Startups, for their part, have also been ramping up efforts to help migrants. Two Columbia architecture students, Anna Stork and Andrea Sreshta, cofounded LuminAid. A startup that makes the PackLite Max 2-in-1 Phone Charger, a solar-powered phone charger and light source that the cofounders have given away to displaced migrants. With the UNHCR estimating that up to a third of a forced migrant’s income is spent on connectivity, Phone Credit for Refugees has taken on providing migrants with free data access. Others, like GeeCycle, have instead focused on collecting used smartphones from around the world and distributing them to refugees fleeing conflict.
The challenge of misinformation
For all of their benefits though, smartphones have not always improved the journeys of forced migrants. The reliance on anonymous sources on social media to navigate routes has left migrants vulnerable to smugglers and traffickers looking to take advantage of their misfortune. Even information obtained from relatives can turn out to be erroneous – with heart-wrenching consequences.
Jelena Besedic, an Advocacy Manager for Save the Children Serbia, says that the spread of misinformation has been part of the reason for the rise of unaccompanied children traversing the Balkans from Afghanistan. Parents of kids as young as eight now stuck in Serbia were falsely told that, if their kids arrive safely in Western Europe, they’re entitled to bring their parents.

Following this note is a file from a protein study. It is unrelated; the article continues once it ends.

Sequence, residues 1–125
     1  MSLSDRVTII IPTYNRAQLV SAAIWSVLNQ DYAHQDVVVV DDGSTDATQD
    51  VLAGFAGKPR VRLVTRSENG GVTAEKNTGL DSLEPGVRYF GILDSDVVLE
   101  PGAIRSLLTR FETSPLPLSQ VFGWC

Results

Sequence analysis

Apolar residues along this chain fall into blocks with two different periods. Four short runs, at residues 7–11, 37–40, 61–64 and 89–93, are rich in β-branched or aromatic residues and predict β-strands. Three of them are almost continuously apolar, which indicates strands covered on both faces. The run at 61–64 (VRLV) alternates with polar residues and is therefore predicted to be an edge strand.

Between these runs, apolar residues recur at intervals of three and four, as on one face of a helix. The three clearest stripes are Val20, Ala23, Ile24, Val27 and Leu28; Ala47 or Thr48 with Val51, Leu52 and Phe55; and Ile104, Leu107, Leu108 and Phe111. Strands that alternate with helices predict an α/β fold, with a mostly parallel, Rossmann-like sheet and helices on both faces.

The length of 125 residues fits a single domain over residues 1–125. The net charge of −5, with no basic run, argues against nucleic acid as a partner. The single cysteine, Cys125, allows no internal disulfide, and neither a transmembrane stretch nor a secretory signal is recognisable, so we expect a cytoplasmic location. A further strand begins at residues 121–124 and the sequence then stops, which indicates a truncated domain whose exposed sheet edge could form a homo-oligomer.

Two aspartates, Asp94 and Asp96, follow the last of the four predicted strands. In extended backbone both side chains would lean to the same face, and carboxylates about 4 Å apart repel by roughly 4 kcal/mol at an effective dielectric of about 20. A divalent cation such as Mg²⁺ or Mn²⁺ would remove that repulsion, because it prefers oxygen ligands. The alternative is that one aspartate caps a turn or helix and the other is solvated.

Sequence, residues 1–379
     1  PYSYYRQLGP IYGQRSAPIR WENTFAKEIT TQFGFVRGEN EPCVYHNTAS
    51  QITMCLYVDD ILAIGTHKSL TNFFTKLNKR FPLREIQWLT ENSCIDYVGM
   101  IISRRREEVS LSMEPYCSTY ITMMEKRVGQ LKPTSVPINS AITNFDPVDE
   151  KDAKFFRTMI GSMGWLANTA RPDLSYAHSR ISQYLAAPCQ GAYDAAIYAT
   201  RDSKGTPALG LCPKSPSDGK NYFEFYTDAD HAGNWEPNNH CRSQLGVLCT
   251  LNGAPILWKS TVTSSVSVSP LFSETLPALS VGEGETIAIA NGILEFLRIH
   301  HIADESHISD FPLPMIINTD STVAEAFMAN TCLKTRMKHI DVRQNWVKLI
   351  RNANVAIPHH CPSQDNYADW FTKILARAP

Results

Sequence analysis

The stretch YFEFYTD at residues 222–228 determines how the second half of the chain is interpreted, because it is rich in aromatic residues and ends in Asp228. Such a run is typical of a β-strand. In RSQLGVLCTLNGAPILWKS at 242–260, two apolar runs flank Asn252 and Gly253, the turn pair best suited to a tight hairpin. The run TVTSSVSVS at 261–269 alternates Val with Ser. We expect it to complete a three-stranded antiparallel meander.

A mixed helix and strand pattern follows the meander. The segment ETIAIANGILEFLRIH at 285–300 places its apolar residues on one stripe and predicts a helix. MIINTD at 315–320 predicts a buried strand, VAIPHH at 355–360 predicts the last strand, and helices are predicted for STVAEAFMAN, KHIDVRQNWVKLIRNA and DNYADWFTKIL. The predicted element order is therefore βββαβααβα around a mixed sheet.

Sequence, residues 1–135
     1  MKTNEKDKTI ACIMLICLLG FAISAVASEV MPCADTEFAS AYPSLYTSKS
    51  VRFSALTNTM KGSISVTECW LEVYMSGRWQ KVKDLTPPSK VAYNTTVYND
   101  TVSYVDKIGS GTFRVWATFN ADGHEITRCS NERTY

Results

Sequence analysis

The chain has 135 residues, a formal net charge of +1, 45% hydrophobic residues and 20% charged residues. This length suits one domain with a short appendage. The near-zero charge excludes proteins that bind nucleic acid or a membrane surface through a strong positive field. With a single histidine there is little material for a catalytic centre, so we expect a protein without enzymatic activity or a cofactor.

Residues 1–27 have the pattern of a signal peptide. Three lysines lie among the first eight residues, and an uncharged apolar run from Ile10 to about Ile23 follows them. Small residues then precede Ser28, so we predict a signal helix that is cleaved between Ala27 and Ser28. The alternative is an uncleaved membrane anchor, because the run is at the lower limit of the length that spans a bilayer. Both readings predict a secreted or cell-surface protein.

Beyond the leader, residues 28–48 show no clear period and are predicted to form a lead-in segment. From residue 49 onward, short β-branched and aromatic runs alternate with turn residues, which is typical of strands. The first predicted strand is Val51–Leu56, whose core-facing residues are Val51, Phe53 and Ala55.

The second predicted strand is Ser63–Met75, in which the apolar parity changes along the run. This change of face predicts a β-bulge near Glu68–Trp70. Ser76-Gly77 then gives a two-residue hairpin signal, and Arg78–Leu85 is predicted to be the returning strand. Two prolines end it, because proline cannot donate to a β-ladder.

Misinformation of this sort about the ease of the asylum process can lead migrants to take on increasingly dangerous journeys, only to be disappointed with the reality once they reach their destination countries. This misinformation has led organizations, like the International Organization for Migration, to start information campaigns at source countries to better educate would be migrants about the dangers of setting out west. In addition, increasingly nationalist governments, like Hungary and Italy, have started campaigns targeting the smartphones of migrants with text messages and online ads to dissuade them from coming to their countries in the first place.
Familial pressure on migrants may have always been a reality, but access to smartphones has made that pressure incessant and instantaneous. Stuck at the border between Serbia and Hungary, Nashid says he would never have made the trek if he knew what he would have to face on his more than 4,000-mile journey from Pakistan to France. But while he was still in Pakistan, he had received messages non-stop from his cousin in Paris telling him how easy it was for him to get there and how plentiful jobs are in France. Once Nashid left Pakistan, messages from his wife and two kids constantly asking whether he’d arrived in Paris have made the idea of going back home impossible.
Nashid ends our conversation by asking me to confirm a rumor he’s heard on WhatsApp. Is it true, he asks, that there are now personal battery banks that one can charge like a phone that extend a smartphone’s battery life by up to 100 hours? A charger like that, he stresses, would make a world of a difference to him out here miles away from the nearest plug.